Thursday, March 5, 2015

The Catacomb Lord Guide

I'm kidding, I'm actually going to talk about the Dungeon Master Guide for 5th edition.  You see how I did that there?  Anywho...

It's been a month since I reviewed the Monster Manual and another month since the Player's Handbook.  Well, now comes the third, and usually least important book of the triumvirate of DnD- 

Anyone who's been playing DnD for any amount of time knows that the DMG is probably the least useful book in the set.  You need the PHB for building characters and spell lists (not to mention the basic rules!); you need the MM for all the monsters and villains that will plague the heroes through all the adventures; but the DMG is rarely used for more than just Magic Items.  In fact, that used to be the only part that I bookmarked in my old editions!

  Admittedly, that much still hasn't changed.  The section on Magic Items is awesome, alphabetically organized (and since the list isn't nearly as long as the old 1st and 2nd edition days, there's no need to categorize them into Rods and Staffs and Wands and Orbs and Potions and Knickerbockers and...  you get the point.  There are images of most of the items above the descriptions, and most importantly of all, there's a whole section for artifacts and magic items with personality (bringin' it back)!  I'm not saying that this part of the book is anywhere near necessary, but I will say that it's nice to have those options always available.

  But this is where it gets good- the DMG is useful beyond the chapter on Magic Items!  That's right, you heard me!  The book presents so much more.  It starts with the chapters on how to run a game (you know, the ho hum of how to manage people's personalities and choose the tone of the game), then morphs into the rules themselves.  I really enjoy how the DMG presents some interesting options to use for DMs, such as Inspiration, Healing 'modes', and even different kinds of elements like Sanity and such.  In other words, the DMG adds more tools to the DM's collection.  Wait, isn't that what it's supposed to do?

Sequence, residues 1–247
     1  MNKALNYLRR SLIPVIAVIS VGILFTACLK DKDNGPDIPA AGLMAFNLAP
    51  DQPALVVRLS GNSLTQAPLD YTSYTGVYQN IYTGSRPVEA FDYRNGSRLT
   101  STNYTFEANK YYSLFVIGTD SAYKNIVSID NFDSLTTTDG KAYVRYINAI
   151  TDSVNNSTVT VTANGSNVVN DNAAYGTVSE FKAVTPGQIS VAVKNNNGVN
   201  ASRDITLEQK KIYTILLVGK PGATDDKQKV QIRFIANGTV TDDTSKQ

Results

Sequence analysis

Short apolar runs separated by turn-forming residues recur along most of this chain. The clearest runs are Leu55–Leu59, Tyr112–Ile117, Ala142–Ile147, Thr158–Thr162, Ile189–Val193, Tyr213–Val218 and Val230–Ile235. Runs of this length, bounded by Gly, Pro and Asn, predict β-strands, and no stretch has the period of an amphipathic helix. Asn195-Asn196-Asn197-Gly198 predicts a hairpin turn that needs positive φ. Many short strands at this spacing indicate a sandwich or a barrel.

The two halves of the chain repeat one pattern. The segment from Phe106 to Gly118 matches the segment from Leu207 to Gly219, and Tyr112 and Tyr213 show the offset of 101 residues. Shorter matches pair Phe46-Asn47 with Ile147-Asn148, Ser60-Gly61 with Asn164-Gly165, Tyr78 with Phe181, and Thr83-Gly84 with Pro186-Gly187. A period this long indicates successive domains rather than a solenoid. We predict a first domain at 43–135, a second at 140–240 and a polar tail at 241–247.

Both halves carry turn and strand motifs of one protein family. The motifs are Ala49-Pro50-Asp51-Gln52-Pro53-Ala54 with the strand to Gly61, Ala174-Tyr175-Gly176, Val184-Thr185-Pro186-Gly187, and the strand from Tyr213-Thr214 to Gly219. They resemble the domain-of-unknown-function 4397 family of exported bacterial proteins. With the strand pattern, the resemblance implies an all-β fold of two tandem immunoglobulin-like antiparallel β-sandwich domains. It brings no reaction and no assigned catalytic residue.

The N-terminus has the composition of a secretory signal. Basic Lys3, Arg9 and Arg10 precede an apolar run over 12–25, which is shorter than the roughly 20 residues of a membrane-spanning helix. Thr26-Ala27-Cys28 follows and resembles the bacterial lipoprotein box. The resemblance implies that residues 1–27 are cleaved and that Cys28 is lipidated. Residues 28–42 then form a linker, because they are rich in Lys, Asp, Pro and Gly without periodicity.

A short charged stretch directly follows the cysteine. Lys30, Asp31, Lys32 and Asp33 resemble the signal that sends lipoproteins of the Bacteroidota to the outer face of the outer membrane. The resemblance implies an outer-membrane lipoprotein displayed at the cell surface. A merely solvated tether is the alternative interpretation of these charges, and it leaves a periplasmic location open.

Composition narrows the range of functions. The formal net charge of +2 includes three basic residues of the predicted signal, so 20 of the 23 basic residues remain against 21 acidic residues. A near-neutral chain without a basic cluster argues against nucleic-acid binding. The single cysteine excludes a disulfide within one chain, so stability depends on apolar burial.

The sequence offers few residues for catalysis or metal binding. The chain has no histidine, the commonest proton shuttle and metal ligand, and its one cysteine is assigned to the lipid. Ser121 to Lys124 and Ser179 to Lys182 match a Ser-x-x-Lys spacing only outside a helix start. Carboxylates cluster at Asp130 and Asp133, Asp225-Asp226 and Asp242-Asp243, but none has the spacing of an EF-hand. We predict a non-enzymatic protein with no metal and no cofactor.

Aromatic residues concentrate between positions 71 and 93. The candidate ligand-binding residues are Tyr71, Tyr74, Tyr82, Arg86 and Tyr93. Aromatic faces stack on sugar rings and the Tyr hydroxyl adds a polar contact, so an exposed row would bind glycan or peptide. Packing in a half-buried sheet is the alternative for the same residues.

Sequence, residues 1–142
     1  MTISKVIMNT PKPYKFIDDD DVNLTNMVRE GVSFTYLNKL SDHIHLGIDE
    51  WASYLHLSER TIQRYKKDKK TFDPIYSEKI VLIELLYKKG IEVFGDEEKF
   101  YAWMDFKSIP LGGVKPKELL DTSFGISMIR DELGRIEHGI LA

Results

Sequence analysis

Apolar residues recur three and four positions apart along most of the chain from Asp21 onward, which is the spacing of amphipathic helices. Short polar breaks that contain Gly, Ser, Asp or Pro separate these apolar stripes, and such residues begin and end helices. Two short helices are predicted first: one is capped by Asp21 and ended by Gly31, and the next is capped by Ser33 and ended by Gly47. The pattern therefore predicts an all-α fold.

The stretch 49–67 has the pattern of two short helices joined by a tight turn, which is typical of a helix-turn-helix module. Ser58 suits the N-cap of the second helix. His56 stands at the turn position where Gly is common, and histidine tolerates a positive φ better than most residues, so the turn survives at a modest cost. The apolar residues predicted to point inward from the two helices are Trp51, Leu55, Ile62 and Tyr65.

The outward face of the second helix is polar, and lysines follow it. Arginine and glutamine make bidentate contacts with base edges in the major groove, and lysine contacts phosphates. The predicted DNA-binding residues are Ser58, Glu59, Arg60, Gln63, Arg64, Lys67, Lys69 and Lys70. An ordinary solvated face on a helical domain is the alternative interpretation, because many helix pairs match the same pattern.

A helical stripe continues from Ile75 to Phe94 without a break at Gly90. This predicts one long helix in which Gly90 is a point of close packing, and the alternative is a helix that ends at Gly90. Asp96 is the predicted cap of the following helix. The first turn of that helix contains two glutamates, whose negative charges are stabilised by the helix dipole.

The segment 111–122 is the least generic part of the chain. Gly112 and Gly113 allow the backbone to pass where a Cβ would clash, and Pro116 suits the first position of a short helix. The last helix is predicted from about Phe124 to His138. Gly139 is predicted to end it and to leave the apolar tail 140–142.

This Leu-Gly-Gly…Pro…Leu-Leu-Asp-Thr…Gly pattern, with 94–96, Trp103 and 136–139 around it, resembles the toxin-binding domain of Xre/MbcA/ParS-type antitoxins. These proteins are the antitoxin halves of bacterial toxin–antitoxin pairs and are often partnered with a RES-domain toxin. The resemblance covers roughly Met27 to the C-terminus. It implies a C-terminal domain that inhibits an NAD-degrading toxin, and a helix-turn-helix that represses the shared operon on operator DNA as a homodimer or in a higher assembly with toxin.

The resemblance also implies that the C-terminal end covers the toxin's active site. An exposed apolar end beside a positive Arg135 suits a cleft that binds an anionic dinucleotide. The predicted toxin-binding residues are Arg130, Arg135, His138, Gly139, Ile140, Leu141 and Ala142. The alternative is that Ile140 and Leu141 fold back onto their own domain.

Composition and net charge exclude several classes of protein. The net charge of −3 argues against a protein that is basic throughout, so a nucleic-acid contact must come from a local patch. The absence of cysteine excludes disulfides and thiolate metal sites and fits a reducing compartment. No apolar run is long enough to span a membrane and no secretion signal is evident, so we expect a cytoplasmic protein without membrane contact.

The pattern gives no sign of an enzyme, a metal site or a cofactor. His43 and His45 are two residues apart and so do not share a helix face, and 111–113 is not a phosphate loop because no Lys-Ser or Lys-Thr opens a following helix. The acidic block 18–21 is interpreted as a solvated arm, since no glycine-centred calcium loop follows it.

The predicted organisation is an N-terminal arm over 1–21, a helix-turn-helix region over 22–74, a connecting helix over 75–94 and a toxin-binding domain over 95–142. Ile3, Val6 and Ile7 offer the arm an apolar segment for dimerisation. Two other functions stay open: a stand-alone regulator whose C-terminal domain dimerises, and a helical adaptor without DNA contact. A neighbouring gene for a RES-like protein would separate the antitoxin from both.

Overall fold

But there's more!  Continuing the theme started in 3rd and becoming a focus in 4th, the DMG actually gives step-by-step instructions on how to build encounters up to entire campaigns.  It includes not only Experience Points, but the option of Milestone 'leveling' (my personal favorite), Challenge Rating, and how to properly modify monsters, NPCs, and overall encounters depending on what the DM needs.  I know that most of us 'old hat' DMs don't need this stuff, but it's actually really nice to have right there.  And for the newer DM, well, all the tools one can get can never hurt.